The topic of physicochemical elements also came up in the context of the convergence of the WFD with other directives – the WFD and the WFD. Marine (RDSM) and nitrate (DA) strategies. The RDSM was partially modeled on the WFD, so convergence of good status criteria in the implementation of the two directives, especially at the interface between them (transitional and coastal waters), is desirable. It has already occurred in most countries. In the case of the DA, the situation is different. Its criteria were established earlier and do not coincide with the definition of ecological status, and transferring them to the WFD criteria is considered erroneous. There is some consternation among experts about the state of eutrophication reported by member countries. According to him, the problem is greatest in Finland, affecting 80% of surface water bodies, and the smallest (8%) in France. It is clear that it is hard to consider Finland’s waters as ten times more zeutrophic than France’s, and this difference is due to the criteria adopted, not the facts.

Other presentations included. litter monitoring, which is currently carried out only for marine waters, but is likely to be implemented in inland waters as well with the revision of the WFD.

They also discussed the concept of free rivers in the Nature Restoration Law. It is clear that its implementation should contribute to improving the ecological status of rivers and implementing the objectives of the WFD, despite the lack of a direct legal link.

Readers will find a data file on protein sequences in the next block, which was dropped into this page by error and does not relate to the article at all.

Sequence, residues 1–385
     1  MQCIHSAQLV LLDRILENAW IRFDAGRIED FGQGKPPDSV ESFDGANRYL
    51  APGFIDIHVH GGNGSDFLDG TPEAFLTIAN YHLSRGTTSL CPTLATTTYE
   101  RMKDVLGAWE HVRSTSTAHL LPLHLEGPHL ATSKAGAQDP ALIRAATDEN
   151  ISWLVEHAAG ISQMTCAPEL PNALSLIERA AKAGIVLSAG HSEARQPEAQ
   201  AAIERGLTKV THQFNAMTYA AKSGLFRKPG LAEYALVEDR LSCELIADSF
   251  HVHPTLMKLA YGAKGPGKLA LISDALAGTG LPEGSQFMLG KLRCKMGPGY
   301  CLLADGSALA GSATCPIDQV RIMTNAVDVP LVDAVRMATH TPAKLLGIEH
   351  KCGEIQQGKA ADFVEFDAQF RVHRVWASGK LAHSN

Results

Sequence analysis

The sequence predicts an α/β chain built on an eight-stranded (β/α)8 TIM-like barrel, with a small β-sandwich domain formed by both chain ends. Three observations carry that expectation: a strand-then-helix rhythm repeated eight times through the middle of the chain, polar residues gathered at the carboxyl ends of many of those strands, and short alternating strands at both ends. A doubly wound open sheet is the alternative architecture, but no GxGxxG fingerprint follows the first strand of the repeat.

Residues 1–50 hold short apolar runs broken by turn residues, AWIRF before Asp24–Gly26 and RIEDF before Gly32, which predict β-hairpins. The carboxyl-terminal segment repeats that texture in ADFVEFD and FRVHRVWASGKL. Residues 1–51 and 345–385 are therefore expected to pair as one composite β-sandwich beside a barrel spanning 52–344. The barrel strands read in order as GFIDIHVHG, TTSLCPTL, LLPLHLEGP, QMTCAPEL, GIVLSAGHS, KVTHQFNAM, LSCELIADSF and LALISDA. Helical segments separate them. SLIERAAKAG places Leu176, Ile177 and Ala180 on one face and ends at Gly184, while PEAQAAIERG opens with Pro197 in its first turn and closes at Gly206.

The controversy was not aroused by the plans to revise the WFD and the directive-cell. There are things in them that are widely recognized as right, such as moving the topic of river basin-specific pollution from the physical and chemical elements of ecological status to the chemical elements. This will involve the creation of a central inventory of such substances and the establishment of common environmental quality standards for them. The revision plans had been under consultation for several months, so they were not new to Ecostat members.

The presentation of proposed changes to the reporting of monitoring results and water status classification was different. This obligation is related to the six-year cycle of water management plans, and such a time frame causes a significant lag between the assessment and its presentation. The Commission proposes to evaluate and report annually, even on the basis of incomplete monitoring results. The idea drew unanimous opposition from the delegates. It was pointed out that the WFD does not provide for monitoring of each element every year, so monitoring plans are spread over a six-year cycle. This could lead to a situation where in one year elements in poor condition are monitored, and the next year only elements in good condition are monitored, and the assessment would give the impression of improvement despite its actual absence.

The topic of reporting also appeared in another presentation based on data from the EEA’s WISE system. Despite the aforementioned shortcomings, some lessons have been learned. According to them, between the last water management cycles, there has been an improvement in the ecological status of the biological elements by an average of 0.1 standardized quality index (i.e. half a class), which is a desirable direction, but the rate of change does not forecast the achievement of environmental goals by 2027.